Article Text

Download PDFPDF
EP649 Pattern of recurrence in patients with endometrial cancer
  1. E Vizza1,
  2. G Cutillo1,
  3. V Bruno1,
  4. I Sperduti2,
  5. E Mancini1,
  6. E Baiocco1,
  7. B Chiofalo1,
  8. L Cicchillitti1,
  9. C Certelli1,
  10. A Zampa1 and
  11. G Corrado3
  1. 1Department of Experimental Clinical Oncology, Gynecologic Oncology Unit
  2. 2Scientific Direction, IRCCS ‘Regina Elena’ National Cancer Institute
  3. 3Department of Women and Children Health, Gynecologic Oncology Unit, Fondazione Policlinico Universitario A. Gemelli – IRCCS, Rome, Italy


Introduction/Background Endometrial cancer (EC) is mostly diagnosed at an early stage with a favorable overall survival. 5-year survival decreases from 95% for localized disease to less than 20% for metastatic disease. Survival is related to known prognostic factors. Nevertheless, they are not sufficient to predict either outcome or recurrence rate/site: to decipher the underlying aberrant biomolecular pathways seems to be promising, although it is not yet applicable in a clinical setting. In that purpose, to investigate EC recurrence patterns according to ESMO-ESGO-ESTRO risk classes, could be beneficial for an early recurrences detection and treatment with a survival rate improvement.

Methodology 758 women diagnosed with EC, and a 5-years follow-up, were enrolled: they were divided into the ESMO-ESGO-ESTRO risk classes (low LR, intermediate IR, intermediate-high I-HR, and high risk HR) and surgically treated as recommended, followed by adjuvant therapy, when appropriated.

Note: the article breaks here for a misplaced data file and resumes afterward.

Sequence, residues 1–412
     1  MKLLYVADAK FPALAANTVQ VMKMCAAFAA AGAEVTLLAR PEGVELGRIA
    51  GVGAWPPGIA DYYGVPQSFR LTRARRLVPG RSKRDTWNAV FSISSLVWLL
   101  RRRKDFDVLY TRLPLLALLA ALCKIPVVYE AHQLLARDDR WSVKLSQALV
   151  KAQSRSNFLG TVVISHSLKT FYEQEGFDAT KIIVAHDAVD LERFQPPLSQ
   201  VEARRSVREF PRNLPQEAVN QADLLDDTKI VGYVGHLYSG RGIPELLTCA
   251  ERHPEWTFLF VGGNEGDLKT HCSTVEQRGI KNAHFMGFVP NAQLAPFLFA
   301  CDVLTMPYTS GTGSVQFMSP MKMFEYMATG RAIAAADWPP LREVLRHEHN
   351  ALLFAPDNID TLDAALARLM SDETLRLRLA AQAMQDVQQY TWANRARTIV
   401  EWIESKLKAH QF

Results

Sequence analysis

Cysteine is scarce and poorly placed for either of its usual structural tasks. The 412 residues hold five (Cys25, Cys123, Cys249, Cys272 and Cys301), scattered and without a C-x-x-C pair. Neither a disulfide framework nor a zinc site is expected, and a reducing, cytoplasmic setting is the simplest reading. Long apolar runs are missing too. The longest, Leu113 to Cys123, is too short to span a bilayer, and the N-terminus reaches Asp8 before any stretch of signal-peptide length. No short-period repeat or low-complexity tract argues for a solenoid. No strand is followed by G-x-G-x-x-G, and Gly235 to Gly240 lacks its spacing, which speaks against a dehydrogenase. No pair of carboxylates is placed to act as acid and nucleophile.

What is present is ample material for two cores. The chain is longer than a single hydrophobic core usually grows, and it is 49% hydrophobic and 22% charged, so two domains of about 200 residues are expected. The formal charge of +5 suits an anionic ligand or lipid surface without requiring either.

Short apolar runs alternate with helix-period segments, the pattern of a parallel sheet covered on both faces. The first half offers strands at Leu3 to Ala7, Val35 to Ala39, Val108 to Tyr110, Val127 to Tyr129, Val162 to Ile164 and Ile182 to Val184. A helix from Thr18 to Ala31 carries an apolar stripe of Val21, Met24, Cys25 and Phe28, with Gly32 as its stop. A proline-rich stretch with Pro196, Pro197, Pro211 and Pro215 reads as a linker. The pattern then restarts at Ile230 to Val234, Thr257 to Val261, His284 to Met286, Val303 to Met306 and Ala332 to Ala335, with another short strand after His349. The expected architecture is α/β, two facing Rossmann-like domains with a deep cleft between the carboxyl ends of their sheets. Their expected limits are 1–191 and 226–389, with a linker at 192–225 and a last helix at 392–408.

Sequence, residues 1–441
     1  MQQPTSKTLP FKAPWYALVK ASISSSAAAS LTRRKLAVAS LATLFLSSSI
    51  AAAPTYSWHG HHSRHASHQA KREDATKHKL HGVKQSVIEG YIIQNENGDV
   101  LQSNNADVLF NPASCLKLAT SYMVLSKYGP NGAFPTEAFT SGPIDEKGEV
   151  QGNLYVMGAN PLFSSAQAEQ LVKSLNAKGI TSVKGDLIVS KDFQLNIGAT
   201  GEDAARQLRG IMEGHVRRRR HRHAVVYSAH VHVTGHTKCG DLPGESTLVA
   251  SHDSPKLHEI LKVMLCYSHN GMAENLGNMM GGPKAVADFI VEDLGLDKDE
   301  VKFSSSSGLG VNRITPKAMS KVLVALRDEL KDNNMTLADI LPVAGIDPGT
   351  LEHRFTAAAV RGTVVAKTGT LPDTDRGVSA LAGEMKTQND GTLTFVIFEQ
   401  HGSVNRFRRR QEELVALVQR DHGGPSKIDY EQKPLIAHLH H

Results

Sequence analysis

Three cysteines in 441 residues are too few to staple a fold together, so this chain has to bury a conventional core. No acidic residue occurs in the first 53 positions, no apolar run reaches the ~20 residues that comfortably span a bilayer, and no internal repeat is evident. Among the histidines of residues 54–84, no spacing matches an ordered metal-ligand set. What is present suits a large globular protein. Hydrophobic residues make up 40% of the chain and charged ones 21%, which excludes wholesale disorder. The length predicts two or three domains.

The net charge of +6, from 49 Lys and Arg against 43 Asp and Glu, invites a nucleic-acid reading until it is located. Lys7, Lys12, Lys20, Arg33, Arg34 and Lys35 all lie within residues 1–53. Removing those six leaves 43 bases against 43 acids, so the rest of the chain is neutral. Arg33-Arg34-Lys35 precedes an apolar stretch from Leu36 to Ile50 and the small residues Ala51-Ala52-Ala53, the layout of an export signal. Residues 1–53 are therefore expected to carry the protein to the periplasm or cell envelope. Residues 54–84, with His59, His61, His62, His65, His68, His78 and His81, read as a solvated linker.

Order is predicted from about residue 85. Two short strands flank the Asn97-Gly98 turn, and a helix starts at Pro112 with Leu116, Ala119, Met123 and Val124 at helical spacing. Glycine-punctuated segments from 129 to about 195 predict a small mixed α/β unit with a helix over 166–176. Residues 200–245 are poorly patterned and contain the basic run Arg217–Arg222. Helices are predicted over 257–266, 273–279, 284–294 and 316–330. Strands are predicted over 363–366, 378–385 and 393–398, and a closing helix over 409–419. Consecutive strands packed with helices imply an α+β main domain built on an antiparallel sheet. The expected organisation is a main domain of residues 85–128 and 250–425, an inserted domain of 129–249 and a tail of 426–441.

Results Recurrences were detected in 19,5%. Higher recurrence rate (RR) was significantly detected (p<0,001) in the HR group (40,3%) compared to LR (9,6%), IR (16,7%) and I-HR (17,1%). Recurrences were detected more frequently at distant sites (64%) compared to pelvic (25,3%) and lymph nodes (10,7%) recurrences (p<0,0001): this trend was evident in all risk classes except for the LR group, where no differences were detected between local and distant recurrences. 5-year distant-free (LR 99%, IR 94%, I-HR 86%, HR 88%) and local-free survivals (LR 99%, IR 100%, I-HR 98%, HR 95%) significantly differ between groups (p<0,0001 and p=0,003, respectively), even when we stratified according to adjuvant therapy (AT) approach. AT did not modify RRs in all risk classes, except for LR group (p=0,01) (85,71% of recurrences occur if no AT was administered).

Conclusion These results strengthen the need to identify biological factors to stratify patients at higher risk of relapse, independently or in addition to their risk class prognosis and current surgical and clinical managements.

Disclosure Nothing to disclose.

Statistics from

Request Permissions

If you wish to reuse any or all of this article please use the link below which will take you to the Copyright Clearance Center’s RightsLink service. You will be able to get a quick price and instant permission to reuse the content in many different ways.